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Abe's trial and error tactics on constitutional amendment reflect his long-held desire

In this April 4, 2017 file photo, Prime Minister Shinzo Abe speaks to reporters at the prime minister's office. (Mainichi)

Prime Minister Shinzo Abe is still struggling to figure out specific ways to revise Japan's Constitution -- his deeply held desire ever since he assumed the premiership for the first time in 2006 -- even though the pro-constitutional amendment forces currently occupy two-thirds majorities in both houses of the Diet, enough to initiate a referendum.

While Abe repeats remarks that suggest he is ready to make constitutional revision come true, he maintains an observer position in terms of Diet discussions on the matter.

Abe made a speech at the assembly of a multipartisan association to create a new constitution, chaired by former Prime Minister Yasuhiro Nakasone, on May 1.

"We have opposition lawmaker Mr. (Nobuyuki) Fukushima (of the Democratic Party) with us here. It would be best if everyone can agree" on constitutional amendment, Abe said.

The largest opposition Democratic Party, along with other opposition forces including the Japanese Communist Party, is against constitutional revision under the Abe government. Nevertheless, the prime minister hopes that those parties outside the "pro-amendment camp" show willingness to compromise on the matter, because he believes that initiating a bill to revise the supreme law with as many yea votes as possible in the Diet would lead to success for pro-amendment forces in a referendum.

Prime Minister Abe appeared to have jumped the gun on constitutional amendment debate around the time his second Cabinet was launched in December 2012 by mentioning revising Article 96 -- which stipulates that two-thirds majority votes in both houses of the Diet are necessary to initiate a referendum -- to specify a simple majority. He has not mentioned it recently, however, after a serious backlash not only from the opposition and constitutional scholars, but also the Liberal Democratic Party (LDP)'s coalition partner Komeito.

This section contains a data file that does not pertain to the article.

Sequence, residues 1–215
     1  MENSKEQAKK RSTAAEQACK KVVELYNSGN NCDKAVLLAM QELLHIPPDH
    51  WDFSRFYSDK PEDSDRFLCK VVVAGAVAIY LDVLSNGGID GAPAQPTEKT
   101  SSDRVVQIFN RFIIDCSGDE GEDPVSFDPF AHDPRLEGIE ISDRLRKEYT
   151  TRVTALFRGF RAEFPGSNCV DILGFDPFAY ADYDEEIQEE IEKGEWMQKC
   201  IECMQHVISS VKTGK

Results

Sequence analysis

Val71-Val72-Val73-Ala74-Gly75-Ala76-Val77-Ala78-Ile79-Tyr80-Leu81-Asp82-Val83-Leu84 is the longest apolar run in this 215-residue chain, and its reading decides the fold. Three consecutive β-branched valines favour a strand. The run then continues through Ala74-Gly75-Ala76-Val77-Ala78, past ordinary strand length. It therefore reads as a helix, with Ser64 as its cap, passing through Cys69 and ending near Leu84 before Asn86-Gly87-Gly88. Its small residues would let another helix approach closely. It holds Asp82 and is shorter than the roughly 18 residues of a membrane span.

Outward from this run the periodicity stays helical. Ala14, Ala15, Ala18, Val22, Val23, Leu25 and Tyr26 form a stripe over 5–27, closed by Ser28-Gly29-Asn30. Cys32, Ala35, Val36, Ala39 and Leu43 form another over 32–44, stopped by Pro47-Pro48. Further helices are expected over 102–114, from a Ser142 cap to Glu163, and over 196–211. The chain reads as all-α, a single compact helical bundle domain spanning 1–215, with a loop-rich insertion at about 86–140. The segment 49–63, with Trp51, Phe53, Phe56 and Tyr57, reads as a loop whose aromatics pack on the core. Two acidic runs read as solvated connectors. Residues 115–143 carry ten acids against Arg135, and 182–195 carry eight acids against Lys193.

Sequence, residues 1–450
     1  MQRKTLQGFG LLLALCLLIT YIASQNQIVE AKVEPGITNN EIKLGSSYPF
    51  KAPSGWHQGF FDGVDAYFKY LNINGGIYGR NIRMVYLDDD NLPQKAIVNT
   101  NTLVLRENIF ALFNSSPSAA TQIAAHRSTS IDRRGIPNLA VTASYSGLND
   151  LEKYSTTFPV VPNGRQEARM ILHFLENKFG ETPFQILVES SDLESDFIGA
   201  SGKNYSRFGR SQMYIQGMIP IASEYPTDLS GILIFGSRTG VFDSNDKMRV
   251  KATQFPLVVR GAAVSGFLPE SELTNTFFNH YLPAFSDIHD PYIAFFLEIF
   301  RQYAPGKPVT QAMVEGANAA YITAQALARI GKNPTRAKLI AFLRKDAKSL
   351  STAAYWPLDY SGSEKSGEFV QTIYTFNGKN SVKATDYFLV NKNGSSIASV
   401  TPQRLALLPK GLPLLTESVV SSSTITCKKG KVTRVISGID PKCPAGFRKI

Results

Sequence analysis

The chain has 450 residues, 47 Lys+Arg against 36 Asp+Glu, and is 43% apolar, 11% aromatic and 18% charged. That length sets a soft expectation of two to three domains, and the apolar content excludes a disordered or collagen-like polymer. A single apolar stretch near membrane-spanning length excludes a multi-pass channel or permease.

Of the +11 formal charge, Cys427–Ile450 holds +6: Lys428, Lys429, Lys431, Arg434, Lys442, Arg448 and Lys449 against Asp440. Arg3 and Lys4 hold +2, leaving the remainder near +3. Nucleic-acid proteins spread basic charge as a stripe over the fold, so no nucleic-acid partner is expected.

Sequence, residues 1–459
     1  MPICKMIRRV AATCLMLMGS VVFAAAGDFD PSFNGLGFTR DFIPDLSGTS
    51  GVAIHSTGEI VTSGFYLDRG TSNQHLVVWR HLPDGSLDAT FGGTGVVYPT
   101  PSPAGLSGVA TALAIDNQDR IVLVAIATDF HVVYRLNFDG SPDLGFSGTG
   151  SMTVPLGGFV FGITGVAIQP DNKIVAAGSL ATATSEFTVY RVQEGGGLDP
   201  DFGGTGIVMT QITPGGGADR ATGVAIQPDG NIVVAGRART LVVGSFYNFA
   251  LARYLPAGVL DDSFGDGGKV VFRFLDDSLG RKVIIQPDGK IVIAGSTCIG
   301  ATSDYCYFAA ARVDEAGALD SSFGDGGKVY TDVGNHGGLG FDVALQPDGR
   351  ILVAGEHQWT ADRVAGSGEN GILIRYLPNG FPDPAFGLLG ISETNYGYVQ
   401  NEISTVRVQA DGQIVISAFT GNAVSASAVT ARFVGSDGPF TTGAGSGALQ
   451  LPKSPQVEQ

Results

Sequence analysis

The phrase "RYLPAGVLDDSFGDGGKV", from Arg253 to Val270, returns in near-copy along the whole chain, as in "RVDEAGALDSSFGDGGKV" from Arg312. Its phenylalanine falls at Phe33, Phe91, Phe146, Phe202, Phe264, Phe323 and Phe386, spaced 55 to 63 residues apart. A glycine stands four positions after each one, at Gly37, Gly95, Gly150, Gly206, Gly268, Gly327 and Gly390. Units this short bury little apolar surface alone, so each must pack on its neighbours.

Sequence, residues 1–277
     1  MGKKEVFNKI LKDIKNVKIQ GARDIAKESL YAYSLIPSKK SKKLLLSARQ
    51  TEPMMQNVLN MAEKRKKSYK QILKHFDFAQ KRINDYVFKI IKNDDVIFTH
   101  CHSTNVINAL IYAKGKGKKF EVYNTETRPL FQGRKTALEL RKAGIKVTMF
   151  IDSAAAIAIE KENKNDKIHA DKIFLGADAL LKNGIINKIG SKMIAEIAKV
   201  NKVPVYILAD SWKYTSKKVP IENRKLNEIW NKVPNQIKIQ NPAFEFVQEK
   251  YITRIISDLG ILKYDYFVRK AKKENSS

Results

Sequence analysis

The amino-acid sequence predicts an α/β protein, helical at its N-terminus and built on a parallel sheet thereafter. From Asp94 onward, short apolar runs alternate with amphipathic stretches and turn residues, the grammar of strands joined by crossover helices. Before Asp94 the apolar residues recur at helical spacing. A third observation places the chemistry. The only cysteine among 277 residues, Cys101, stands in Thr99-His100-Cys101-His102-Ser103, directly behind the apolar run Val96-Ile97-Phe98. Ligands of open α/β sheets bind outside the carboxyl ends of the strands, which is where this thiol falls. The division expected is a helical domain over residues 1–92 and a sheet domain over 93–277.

Furthermore, Abe refrained from promoting constitutional amendment during the campaign for the 2016 House of Councillors election, in which whether pro-revision forces would secure a two-thirds majority was a particular focus point.

The LDP has also softened its stance on the matter. At the resumption of the constitutional commissions in both chambers of the Diet in 2016, the ruling party decided to shelve its strongly conservative revision draft released in 2012. The party also announced that it would not lead discussions at commission meetings based on the argument that the postwar Constitution was forced onto Japan by the Allied Powers -- a view shared within the party. This significant compromise on Abe's claims reflects his desire to put a plan to propose a bill for constitutional amendment into his political agenda.

The LDP looks to narrow down a list of revisions during the regular Diet session next year and draw up an amendment draft as early as possible. However, House of Representatives Constitution Commission meetings are behind schedule, while the upper house commission has not been able to hold a single meeting.

Meanwhile, Komeito leader Natsuo Yamaguchi addressed an audience in the streets of Tokyo's Shinjuku Ward on May 2, saying, "We don't mean to reject constitutional amendment if changes would make the Constitution better." At the same time, he said, "there's no consensus over what to change. It's important to hold in-depth discussions on how the country should be and ideology on that subject." Enthusiasm for revision has always differed between the ruling party and its junior coalition partner.

Support for an "emergency clause" -- which would allow exceptional extensions of terms for lawmakers in case of an emergency such as a natural disaster -- has spread within Komeito, but upper house members, including Yamaguchi, have expressed negative views on the idea.

The "two-thirds majority card" may be lost if the LDP loses seats in the next lower house election, which will be held sometime before December 2018. Prime Minister Abe's seemingly restrained attitude towards constitutional amendment reflects nothing but his strong motivation to revise the Constitution.

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